As an addendum, I saw the new Blair Witch film (inventively titled Blair Witch) at the theater this past September. It was much, much better than Blair Witch 2, and I enjoyed it for the simple popcorn movie that it was. But while it was a sequel to the original film, it was basically a remake, rehashing all the same things that had already been done in 1999. The only thing they did that was substantially different was that they made it glaringly obvious that the Blair Witch is absolutely real, an element for which I have mixed feelings. The ambiguous nature of the original is one of the things I liked best about it, and actually getting to see the witch robs the story of its mystique. You could do a whole lot worse as far as sequels go, but if you’re interested in seeing either of these films, you should definitely try the original first.

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5 responses to “The Blair Witch Project (1999)

  1. Howie October 5, 2014 at 10:37 am

    I can relate – had a really hard time sleeping the night I saw that movie.

    Like

  2. katakhanas October 20, 2014 at 2:20 pm

    When I think of this movie, the phrase that comes to mind is Epic Marketing WIN! In the lead-up to the film’s release, the tremendous amount of word-of-mouth marketing based on the genius web landing pages that confused so many people (is this real life?) has not been paralleled by any product or service since. And to think that it was done on such a shoestring budget makes it all the more of an outstanding campaign.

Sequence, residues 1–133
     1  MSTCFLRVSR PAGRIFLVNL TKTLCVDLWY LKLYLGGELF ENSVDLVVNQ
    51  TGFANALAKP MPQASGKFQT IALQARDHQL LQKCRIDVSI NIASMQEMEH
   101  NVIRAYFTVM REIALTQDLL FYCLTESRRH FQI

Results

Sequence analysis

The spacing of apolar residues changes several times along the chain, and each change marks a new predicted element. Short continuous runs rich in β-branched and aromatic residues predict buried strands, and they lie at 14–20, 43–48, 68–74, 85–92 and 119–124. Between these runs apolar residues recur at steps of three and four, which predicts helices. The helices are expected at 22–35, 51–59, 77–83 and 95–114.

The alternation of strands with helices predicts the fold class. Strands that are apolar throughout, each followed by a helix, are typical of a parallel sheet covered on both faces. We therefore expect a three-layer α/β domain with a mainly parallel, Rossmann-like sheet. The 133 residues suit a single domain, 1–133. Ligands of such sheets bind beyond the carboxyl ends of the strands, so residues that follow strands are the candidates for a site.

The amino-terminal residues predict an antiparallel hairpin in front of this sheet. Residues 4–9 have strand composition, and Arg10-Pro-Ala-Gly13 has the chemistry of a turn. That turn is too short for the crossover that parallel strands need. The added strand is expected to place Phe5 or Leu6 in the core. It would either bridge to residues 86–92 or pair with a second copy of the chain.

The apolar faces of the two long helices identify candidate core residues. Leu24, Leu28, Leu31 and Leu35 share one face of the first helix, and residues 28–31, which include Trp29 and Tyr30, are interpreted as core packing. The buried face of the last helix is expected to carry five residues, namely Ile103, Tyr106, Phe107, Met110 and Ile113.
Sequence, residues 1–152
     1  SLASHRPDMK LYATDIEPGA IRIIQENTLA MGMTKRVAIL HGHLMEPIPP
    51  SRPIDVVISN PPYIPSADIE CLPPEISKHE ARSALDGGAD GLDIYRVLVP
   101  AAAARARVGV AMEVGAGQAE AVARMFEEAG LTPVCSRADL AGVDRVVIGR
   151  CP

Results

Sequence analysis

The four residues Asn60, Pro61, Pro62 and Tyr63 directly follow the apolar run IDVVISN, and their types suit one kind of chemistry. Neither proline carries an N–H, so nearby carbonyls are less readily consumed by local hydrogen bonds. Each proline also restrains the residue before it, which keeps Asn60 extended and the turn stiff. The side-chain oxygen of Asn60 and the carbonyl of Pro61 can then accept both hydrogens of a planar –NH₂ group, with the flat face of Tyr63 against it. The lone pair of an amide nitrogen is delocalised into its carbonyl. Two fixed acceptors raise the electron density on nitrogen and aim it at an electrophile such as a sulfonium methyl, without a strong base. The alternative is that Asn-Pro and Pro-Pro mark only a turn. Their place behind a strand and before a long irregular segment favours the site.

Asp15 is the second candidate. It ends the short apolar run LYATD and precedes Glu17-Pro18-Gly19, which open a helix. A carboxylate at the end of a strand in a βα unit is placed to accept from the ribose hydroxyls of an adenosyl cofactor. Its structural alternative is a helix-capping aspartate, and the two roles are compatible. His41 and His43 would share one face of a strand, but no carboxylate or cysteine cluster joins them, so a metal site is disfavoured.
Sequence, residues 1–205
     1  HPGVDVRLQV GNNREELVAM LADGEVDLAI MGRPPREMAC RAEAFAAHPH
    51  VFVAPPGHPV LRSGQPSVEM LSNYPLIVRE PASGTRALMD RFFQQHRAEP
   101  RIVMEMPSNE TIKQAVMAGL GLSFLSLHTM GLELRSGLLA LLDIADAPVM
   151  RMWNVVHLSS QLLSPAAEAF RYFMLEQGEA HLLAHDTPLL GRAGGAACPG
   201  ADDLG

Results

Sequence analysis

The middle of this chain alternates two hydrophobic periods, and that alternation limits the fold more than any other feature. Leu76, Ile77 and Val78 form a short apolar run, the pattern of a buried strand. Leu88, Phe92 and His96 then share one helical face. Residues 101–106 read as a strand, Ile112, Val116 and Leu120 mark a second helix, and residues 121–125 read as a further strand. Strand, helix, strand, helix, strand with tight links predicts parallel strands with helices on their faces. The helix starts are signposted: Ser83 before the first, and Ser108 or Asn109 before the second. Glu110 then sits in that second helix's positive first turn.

Liked by 1 person

    • G. B. Marian October 21, 2014 at 7:22 am

      Yeah, this film was definitely an epic win for independent cinema, which is something many film snobs seem to forget. When we think of independent films today, we think of “artsy” dramas and quirky comedies…But the market for these works was first established and made possible by horror flicks like Halloween (1978) and Blair Witch, which both continue to be two of the highest grossing independent films ever made. So horror films like these deserve a little more respect than they usually get from some of the “arthouse” crowd (or at least from some of the “arthouse” people I’ve known).

      Liked by 1 person

      • katakhanas October 21, 2014 at 11:59 am

        Well said! Yes, Carpenter’s Halloween is a true cinema classic that will forever stand the test of time! Superb film-making that has reached nothing short of iconic status.

        Like